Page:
By Vincent Dowd
BBC World Service arts reporter
Japan's prestigious Fukuoka Asian Art Museum has teamed up with the industrial town of Blackburn, Lancashire, to give the UK a taste of contemporary Asia's cultural riches.
Nazlee Laila Mansur's work shows the vibrant face of modern Asian art
Fukuoka set up its Asian Art Museum in 1999, and it was immediately acknowledged as one of the world's best collections of contemporary Asian work.
Now it has some 2000 exhibits from 21 nations and a policy of renewing its collection every three years.
For the next three months some of its best exhibits will be in Blackburn - the first time Fukuoka has loaned work to a European venue.
Paul Flintoff, head of Blackburn's Museum and Art Gallery, secured the colourful, brash and sometimes tender paintings, installations and pieces of video art for Blackburn rather than for London's V&A or Tate Modern.
In 2003 Mr Flintoff went on an Arts Council tour of Japanese museums and Fukuoka leapt out immediately as something special, he says.
He knew he wanted to bring some of its collection to Blackburn, a town few outsiders would associate with visual art, and was able to do so after help from a Millennium Commission grant.
The show's slightly flat title Parallel Realities does not hint at the adventurousness and often boisterous humour visitors will encounter in the dozen or so exhibition spaces being used around Blackburn.
Deang Buasan's work Brother is one of the show's most haunting images
The Blackburn museum team want the striking images to be seen by people who would not normally venture into the town's mid-Victorian museum.
Some of the most interesting pictures are being shown in what used to be a branch of the Halifax building society in the Mall shopping centre.
They include Bangladeshi artist Abdus Salam's evocative parodies of Bangla cinema playing continuously on TV sets, with his pastiches of film posters hanging above.
In the next room hangs a sad work by the Thai artist Deang Buasan - a meditation on the death of his brother as a child.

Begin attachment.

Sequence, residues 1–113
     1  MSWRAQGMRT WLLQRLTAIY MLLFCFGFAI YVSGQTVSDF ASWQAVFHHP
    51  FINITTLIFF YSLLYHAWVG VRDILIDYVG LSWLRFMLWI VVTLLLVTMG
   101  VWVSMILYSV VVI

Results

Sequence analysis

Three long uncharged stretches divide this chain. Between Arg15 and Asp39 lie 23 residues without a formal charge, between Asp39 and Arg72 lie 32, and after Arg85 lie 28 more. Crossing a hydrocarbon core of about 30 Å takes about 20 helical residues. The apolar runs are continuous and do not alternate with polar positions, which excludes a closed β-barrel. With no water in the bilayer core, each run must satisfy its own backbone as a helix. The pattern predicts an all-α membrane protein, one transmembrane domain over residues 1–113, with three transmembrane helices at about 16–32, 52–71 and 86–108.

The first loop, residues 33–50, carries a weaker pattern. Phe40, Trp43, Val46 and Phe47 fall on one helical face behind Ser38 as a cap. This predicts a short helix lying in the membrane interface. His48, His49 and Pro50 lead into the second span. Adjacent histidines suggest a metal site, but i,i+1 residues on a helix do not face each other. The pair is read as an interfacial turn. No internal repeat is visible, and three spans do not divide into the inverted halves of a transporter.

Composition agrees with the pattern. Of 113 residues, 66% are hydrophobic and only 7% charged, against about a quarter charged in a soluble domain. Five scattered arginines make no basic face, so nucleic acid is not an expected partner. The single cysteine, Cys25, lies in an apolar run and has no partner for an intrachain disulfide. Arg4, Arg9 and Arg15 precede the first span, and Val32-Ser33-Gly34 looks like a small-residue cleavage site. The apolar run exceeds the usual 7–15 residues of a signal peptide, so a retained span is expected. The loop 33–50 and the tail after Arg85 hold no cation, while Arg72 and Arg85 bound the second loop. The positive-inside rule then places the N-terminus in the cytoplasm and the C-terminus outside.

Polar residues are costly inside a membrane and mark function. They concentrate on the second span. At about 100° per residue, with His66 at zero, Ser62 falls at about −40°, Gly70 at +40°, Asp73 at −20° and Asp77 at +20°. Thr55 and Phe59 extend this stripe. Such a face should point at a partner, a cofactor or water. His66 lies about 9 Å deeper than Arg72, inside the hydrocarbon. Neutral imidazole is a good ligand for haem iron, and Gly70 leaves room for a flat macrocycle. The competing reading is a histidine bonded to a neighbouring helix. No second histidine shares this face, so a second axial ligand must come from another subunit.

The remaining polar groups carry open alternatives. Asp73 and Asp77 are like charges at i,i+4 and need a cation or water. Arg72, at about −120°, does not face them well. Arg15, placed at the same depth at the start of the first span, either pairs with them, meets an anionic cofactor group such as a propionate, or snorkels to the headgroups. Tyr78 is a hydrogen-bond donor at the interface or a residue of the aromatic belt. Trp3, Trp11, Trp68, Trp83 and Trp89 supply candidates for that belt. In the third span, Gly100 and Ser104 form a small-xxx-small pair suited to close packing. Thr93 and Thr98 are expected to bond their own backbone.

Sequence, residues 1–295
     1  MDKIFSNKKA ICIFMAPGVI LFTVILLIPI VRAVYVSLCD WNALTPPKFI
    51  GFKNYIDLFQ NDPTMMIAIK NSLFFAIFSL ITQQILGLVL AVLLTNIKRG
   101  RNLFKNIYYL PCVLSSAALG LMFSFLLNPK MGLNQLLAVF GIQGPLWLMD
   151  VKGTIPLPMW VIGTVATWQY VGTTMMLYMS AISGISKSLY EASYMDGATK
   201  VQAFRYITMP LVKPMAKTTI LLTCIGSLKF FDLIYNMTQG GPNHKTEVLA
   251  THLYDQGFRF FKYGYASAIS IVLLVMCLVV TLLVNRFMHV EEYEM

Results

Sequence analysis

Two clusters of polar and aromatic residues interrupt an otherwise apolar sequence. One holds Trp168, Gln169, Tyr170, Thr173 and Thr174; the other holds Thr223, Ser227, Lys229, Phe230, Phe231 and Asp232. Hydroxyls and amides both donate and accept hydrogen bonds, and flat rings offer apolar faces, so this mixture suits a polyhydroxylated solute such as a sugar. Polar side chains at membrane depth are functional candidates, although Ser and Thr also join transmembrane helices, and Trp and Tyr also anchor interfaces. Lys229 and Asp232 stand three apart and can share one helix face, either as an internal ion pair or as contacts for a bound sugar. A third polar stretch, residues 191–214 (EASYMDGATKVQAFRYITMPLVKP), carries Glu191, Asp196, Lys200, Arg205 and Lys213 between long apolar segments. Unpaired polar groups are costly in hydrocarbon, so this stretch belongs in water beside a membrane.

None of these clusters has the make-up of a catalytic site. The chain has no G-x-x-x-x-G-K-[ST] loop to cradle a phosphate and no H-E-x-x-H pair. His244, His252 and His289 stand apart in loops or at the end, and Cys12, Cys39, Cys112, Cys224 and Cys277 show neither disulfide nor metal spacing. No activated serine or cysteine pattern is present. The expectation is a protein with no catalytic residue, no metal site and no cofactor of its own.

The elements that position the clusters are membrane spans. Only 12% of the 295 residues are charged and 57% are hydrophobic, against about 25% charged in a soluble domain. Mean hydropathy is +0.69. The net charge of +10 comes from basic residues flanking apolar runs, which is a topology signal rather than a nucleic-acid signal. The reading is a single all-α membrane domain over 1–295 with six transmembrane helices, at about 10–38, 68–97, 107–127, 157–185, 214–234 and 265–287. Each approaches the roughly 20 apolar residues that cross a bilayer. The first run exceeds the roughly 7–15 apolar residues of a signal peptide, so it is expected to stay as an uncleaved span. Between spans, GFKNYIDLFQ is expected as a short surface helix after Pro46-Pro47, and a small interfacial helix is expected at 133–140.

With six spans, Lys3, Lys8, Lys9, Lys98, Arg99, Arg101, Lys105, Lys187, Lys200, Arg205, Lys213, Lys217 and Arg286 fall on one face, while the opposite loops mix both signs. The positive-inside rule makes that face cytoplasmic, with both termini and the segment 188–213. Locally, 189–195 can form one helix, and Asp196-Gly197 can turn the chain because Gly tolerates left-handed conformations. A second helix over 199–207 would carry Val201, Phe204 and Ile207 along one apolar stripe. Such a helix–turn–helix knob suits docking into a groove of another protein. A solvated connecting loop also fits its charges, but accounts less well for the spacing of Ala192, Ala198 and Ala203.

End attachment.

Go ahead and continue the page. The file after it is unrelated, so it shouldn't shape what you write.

An image of the artist as a boy gazes down on a lifeless dummy on the floor, seed-pods suspended between them as if in water.
In the next room stands an ambiguous installation by the Cambodian Ly Daravuth mixing black-and-white photographs from that country's Khmer Rouge past with recent headshots of grim-looking teenagers.
For their poster, the show's organisers have taken Thaweesak Srithongdee's Hero, a pumped-up Thai muscleman in red tights with a Tellytubby-like head and fists like a baby's.
Opinions will of course vary as to whether works in the show are fine art or just kitsch.
Thaweesak Srithongdee's Hero has become the show's emblem image
But one thing it may prove is that the critical distinctions which seem important elsewhere don't always make sense in modern Asian art.
Take the Indonesian artist Tiarma Dame Ruth Sirait's Synthetic Love. Is it a pastiche of a slightly tacky lingerie shop or, as the artist claims, a statement on the commoditisation of human emotion?
Some 30% of Blackburn's population is South Asian with a large Muslim Gujarati presence.
If this project's to work, it needs to appeal to that community too. Ibrahim Master, until recently Chairman of the Lancashire Council of Mosques, says race relations in the town are generally healthy.
But he welcomes the exhibition if it will let people of all backgrounds get a fuller picture of Asian life and cultures.
Paul Flintoff says part of the exhibition's point is that work from China or Bhutan or Laos may seem just as bewildering to someone born in Ahmedabad as to someone born in Accrington - or of course just as new and exciting.
Parallel Realities runs in Blackburn, Lancashire until 9 April.